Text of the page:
Chicago landlord billed for repairs that never happened, lawsuit claims

A silhouette of a person doing repairs and bungalows in North Lawndale, Chicago (Credit: SVG Silh and iStock)

A Chicago-area landlord is suing her property manager, claiming he billed her for thousands of dollars in maintenance and repairs that were never done, according to the lawsuit.

Galina Peeva Nedialkova is the owner of at least 14 residential properties, mainly on the West Side. In 2015, she hired Stefan Dimitrov to act as property manager for the buildings and agreed to pay him 10 percent of the rent payments collected from her properties, according to the lawsuit filed Monday in Cook County court.

Nedialkova realized, however, that Dimitrov was not performing his duties as expected, and that a number of the buildings he oversaw fell into “disrepair,” the lawsuit claims. Dimitrov’s failure to maintain the buildings resulted in a number of city code, housing and ordinance violations, according to the suit.

The failure to properly keep up the buildings caused the city of Chicago to sue Nedialkova’s company. According to the lawsuit, the city sued her three times for buildings in disrepair and is seeking a total judgement of $75,000.

Even while the buildings fell into disrepair, Dimitrov billed Nedialkova for work he said he performed but never did, according to the suit. He also failed to market available units in the properties and failed to collect rent, the suit alleges.

These actions caused Nedialkova’s company to spend $782,000 on repairs that didn’t happen or on repairs that took place but did not meet code and needed to be redone, the suit alleges. That figure does not seem to include the $56,500 Dimitrov collected in salary, according to the suit.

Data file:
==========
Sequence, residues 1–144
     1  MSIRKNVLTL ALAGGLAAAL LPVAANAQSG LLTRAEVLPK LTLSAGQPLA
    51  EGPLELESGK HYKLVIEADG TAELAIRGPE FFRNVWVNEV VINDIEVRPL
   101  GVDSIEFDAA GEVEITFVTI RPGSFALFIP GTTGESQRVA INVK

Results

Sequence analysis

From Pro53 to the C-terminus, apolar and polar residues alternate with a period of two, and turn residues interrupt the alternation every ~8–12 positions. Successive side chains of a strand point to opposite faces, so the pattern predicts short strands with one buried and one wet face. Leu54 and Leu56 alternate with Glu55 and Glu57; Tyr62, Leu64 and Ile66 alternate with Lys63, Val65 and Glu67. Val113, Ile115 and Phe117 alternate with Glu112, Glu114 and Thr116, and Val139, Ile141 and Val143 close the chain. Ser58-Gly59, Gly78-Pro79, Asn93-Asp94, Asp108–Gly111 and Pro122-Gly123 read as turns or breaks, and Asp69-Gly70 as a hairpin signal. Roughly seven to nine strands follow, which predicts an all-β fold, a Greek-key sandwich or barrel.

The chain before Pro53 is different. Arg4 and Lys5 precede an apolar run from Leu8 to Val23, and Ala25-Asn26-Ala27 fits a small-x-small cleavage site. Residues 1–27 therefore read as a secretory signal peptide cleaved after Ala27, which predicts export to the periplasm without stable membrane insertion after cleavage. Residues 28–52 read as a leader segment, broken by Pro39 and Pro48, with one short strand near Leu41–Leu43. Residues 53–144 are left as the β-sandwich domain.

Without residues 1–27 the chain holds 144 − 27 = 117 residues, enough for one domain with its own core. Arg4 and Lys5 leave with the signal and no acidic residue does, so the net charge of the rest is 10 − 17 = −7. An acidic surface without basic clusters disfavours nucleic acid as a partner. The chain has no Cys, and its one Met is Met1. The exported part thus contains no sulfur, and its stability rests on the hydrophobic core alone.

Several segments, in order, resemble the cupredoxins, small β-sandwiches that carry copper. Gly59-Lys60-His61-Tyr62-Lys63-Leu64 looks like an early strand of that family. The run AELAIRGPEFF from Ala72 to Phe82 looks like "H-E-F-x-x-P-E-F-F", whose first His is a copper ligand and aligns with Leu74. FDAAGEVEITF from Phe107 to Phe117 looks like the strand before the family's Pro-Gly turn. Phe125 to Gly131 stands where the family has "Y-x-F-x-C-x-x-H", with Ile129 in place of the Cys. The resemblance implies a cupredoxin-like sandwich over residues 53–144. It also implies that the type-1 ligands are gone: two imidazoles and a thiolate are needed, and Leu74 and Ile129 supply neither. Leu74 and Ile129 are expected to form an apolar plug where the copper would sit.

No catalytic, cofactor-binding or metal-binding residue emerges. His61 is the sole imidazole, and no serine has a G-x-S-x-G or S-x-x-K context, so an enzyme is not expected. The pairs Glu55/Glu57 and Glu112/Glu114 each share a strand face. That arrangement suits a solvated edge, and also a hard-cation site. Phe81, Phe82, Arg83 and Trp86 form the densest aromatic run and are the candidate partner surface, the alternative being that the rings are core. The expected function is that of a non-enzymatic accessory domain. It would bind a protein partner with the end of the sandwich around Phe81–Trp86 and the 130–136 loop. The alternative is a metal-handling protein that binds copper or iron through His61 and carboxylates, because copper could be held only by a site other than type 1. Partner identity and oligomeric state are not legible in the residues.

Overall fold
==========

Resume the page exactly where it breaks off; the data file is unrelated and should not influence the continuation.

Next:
Dimitrov is also accused of misleading Nediakova’s company on at least two property deals that he then pursued for himself.

In one of those cases, Dimitrov was acting as a real estate agent for Nediakova’s company, which was looking at an opportunity to buy three adjacent properties in the 1500 block of South Komensky Avenue, according to the suit.

The company placed the highest lump-sum bid for the three properties and moved to close on the deal. But in December 2017, Dimitrov told the company that only two properties were included in the sale.

The company went through with the sale, but Dimitrov “usurped” the funds that were to be used to buy 1508 South Komensky and then bought it for himself, according to the lawsuit.

Nediakova and her company are seeking more than $1 million in damages. Nediakova’s lawyer did not immediately respond to a request for comment, and Dimitrov could not be reached for comment.

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